“Be a chef.”

More on bacon, drumming, and patience.   So Clyde Stubblefield, when I asked him to hip me to some cool drumming ideas, thought a while before replying, “Be a chef.”

“You might have to sizzle-fry something over here.  Then you might have to stir something over there.  And slow cook this thing here.  Yeah, be a chef.”  This was some of the most profound advice about drumming I had ever heard.  Be a chef.  A chef commands his kitchen.  A drummer commands his instrument, and, in turn, the band.  Where does patience fit in?

Some of my favorite drummers are drummers who drum with patience.  They let the song build.  I will catch a rash of hell for this, but think about Neil Peart on “Tom Sawyer” or “YYZ”.  The first fills in the songs are cool, but as the song progresses, the fills get a little loftier, a little more complex.  Think about Simon Phillips on Pete Townshend’s “Give Blood.”  He builds it over the whole song and finally gives us the ultimate tension breaker with that 2:3 catch at the end.  Amazing stuff.  The inimitable Steve Gadd.  Understated.  Understood.  And I think of Dave King of The Bad Plus.  A guy who can drum circles around most of us, but he just lays it down on “1972 Bronze Medal Winner,” a song he wrote, and as his bandmates keep time, he stretches the time wherever he wants it to go and meets them back on the one, when he feels like it.  Patience.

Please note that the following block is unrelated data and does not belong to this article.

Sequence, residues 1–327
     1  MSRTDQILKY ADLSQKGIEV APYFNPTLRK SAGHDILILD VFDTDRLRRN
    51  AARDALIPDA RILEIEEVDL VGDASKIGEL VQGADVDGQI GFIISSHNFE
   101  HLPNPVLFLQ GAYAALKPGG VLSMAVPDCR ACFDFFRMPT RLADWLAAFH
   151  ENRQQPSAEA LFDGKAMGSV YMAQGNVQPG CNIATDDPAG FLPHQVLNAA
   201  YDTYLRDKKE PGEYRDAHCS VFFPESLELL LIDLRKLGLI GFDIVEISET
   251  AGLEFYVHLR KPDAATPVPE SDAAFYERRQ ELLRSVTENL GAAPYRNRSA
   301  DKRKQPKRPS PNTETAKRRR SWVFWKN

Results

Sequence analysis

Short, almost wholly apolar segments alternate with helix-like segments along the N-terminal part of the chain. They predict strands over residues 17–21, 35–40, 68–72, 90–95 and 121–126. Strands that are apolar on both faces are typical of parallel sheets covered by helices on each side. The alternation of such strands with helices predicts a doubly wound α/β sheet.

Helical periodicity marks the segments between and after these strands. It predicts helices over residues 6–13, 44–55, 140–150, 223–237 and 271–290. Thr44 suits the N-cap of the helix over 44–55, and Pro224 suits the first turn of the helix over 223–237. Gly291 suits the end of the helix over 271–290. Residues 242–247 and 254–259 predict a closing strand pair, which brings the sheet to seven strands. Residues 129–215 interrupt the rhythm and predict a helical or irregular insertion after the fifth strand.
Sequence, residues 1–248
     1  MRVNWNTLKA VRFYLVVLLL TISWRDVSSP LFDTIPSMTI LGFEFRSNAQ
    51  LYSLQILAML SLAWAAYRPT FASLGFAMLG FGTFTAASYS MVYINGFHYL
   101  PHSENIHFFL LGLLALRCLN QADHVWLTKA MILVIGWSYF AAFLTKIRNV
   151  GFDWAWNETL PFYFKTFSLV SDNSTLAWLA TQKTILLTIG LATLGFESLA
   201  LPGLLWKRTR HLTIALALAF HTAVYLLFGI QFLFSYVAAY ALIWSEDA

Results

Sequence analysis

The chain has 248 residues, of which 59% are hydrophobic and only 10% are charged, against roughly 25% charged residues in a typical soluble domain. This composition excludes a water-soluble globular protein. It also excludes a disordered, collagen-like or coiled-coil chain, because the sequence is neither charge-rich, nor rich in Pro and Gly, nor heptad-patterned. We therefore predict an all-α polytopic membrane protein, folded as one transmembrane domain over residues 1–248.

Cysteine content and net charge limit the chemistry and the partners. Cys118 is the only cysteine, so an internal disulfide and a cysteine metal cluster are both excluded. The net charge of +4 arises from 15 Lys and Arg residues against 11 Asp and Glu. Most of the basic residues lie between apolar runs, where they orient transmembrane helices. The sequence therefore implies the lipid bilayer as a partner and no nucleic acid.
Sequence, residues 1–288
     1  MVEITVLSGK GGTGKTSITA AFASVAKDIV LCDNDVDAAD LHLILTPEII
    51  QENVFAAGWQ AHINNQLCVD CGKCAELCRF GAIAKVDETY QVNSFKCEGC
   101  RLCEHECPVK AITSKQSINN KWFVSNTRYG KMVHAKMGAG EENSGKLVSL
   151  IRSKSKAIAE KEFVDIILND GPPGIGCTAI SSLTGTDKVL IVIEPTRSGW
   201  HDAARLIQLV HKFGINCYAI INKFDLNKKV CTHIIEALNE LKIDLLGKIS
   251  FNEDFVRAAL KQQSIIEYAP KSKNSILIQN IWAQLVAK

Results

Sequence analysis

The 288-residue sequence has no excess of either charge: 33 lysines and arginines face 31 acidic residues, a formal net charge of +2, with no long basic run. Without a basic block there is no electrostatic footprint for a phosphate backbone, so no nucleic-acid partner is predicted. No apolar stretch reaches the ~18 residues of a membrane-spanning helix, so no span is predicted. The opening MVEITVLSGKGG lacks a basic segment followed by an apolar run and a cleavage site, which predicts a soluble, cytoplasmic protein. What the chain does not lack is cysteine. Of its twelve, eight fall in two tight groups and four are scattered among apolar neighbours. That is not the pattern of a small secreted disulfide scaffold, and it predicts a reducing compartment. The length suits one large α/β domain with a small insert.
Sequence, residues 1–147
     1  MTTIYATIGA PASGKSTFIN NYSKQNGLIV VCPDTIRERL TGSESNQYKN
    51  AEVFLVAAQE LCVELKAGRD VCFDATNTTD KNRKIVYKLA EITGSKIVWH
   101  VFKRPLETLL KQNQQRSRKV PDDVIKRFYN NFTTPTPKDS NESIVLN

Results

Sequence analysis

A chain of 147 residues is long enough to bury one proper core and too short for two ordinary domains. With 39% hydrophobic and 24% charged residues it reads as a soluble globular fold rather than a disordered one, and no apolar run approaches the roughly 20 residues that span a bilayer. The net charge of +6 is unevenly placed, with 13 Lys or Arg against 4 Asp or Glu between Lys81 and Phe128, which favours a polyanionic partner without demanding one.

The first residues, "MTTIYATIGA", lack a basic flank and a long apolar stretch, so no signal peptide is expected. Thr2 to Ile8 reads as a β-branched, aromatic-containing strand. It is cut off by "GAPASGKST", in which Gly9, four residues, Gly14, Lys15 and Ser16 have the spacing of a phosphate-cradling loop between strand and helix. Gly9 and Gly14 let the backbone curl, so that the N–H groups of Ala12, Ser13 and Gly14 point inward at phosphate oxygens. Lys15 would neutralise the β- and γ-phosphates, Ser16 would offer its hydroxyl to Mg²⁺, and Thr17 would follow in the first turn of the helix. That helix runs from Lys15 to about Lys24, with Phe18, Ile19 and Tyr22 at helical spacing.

You can’t rush bacon.  You can’t rush drumming.  Patience.  Writing this stuff makes me think of a thousand other things I want to write about…

Patience.

The Throne.

Just fine vs. perfection.

More later.

2 Responses to ““Be a chef.””

  1. Jeff "Lefthand" Neal Says:

    I concur!! Happy Gobble Day to you and the fam.

  2. Geoffrey Lang Says:

    Hey SG;

    Great observations…you’re as perceptive and concise as I remember you always to be.

    Stay connected..and pass the giblets..

    Geoff

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